Over the Christmas and New Year break Connie, Joni and I travelled to Canada taking Joni home for the first time to meet all her cousins and Aunts, Uncles, and other family members. Canada in the winter can be quite cold and because I've never lived there and Connie hasn't properly lived through a winter since she moved to Aberdeen all those years ago it was a bit of a shock to go to Canada this year and be hit with quite a lot of snow.
But when we arrived it wasn't like that - quite the opposite. In fact, the last time we had been home in the winter was back in 2012 when we travelled the long-way round via Heathrow. Then, as this year, we arrived to a mild winter and no snow on the ground bar the ever-present snow banks. In 2014 however, even the snow banks we missing from the streets. It was chilly, but barely dipping below 0°C for about a week. Even Christmas day, which had been nailed on to be a wintery wonderland was called a "green Christmas" in the news, where in Canada they have the opposite of the bets normally made in the UK for a white christmas (something that I think has only happened a few times in my adult life).
Parry Sound, where we were located for the majority of the time we were home, is sat on Georgian Bay which is a large bay of one of the Great Lakes, Lake Huron. One night, towards the end of our stay, an ex-Coastguard Captain sat me down and explained why the snow was so bad and why it normally isn't that bad. Essentially, the wind is South Westernly in Canada, which draws the wind across these lakes from West to East. If the lakes aren't frozen and the temperature ends up around -8°C the wind whips the moisture off the lake up into the clouds and as soon as it makes landfall dumps a metric fuck-ton of snow on wherever it finds. As Parry Sound lies on the coast of the bay it gets this "lake effect snow" a lot if the lake hasn't frozen over. Because the weather had been so mild the bay was narely 20% frozen, giving the sqaulls massive amounts of fuel to dump snow on Parry Sound.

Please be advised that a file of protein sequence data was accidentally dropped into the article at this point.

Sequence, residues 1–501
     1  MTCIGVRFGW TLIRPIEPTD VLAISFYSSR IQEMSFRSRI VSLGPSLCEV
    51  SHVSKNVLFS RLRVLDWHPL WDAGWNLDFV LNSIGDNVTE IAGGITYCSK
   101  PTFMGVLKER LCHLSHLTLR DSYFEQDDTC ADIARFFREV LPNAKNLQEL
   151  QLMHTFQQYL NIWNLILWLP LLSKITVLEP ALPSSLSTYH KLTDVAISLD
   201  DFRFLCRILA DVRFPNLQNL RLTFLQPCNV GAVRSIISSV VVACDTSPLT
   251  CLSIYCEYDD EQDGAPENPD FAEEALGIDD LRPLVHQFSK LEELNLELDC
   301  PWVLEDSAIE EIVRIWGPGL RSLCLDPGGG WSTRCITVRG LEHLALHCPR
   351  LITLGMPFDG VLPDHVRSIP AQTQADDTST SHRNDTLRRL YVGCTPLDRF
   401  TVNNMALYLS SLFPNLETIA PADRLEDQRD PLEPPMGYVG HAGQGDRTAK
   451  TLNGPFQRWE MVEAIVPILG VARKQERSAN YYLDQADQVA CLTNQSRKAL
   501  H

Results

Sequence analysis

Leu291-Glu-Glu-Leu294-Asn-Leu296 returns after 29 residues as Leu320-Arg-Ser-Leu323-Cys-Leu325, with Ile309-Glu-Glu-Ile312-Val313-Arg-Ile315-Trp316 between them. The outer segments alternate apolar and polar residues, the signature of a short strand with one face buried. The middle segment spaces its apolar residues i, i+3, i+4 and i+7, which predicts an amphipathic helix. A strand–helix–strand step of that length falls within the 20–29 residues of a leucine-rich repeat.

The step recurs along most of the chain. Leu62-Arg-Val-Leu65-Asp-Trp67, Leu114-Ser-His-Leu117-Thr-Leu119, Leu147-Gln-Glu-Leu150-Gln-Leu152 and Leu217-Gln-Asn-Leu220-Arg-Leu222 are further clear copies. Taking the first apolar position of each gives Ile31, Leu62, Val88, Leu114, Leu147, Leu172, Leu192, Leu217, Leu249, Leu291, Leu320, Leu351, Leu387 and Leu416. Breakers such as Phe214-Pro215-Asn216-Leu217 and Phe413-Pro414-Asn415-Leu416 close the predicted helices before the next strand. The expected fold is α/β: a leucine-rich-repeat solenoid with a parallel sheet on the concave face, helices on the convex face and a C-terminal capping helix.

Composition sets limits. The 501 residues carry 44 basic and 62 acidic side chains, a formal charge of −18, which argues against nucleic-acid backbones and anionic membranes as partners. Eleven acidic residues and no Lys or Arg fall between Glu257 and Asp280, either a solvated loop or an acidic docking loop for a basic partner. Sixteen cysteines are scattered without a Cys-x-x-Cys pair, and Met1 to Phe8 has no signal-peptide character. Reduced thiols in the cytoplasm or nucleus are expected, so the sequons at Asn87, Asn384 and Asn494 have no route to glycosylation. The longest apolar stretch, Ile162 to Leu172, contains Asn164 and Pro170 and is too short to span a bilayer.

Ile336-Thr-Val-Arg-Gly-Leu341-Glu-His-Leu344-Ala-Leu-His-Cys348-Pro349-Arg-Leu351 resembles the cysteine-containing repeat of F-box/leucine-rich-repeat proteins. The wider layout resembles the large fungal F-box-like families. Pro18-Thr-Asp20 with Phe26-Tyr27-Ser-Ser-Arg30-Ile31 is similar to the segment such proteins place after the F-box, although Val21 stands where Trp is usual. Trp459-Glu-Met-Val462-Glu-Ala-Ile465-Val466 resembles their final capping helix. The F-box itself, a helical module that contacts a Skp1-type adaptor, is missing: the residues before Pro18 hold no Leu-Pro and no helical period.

And boy did it snow. It snowed a lot. In fact, for three days around five foot of snow was dropped on the town in varying levels of snow sqaulls, as they are known. These aren't snow showers - instead complete blizzards that randomly swing across, like bands of white noise, and they dump snow on everything all the time for hours on end. I found the endless snow fall a novelty and went out in the whiteout conditions quite regularly, taking the dog for a walk in the snow during blizzard conditions that was amusing to my Canadian family. I found the endless snow fun at first, but it took three days of not really getting to go out for me to lose patience.
The thing about snow is that it doesn't follow with freezing cold temperatures. The coldest it went down to when the snow was falling was around -10°C. One thursday it dropped to below -33°C, and factoring in windchill it probably felt around -37°C. That was officially the coldest I have ever experienced.
The cold has unique issues that most people in the UK don't even comprehend. The cars have to be plugged in over night to stop their engine oil from freezing up inside the engine block. Each autumn most homes buy loads of wood and burn it on a wood stove to heat the house. The weather channel shows not only the most accurate reports I've ever seen, but also predicts the amount of snow that will fall, and lets you know how long you have outside before frostbite starts taking your limbs right off.
I think I prefer Texas' extreme weather to Canada's extreme weather though. Not that I can go out in either (extremem sunburn versus frostbite) but at least one doesn't require 10 minutes of preparation before heading out. I think in the 12 months in Texas I wore as many layers of clothes as I do in three years in the UK, and certainly had more skin showing (a good thing, as I certain you'll all agree).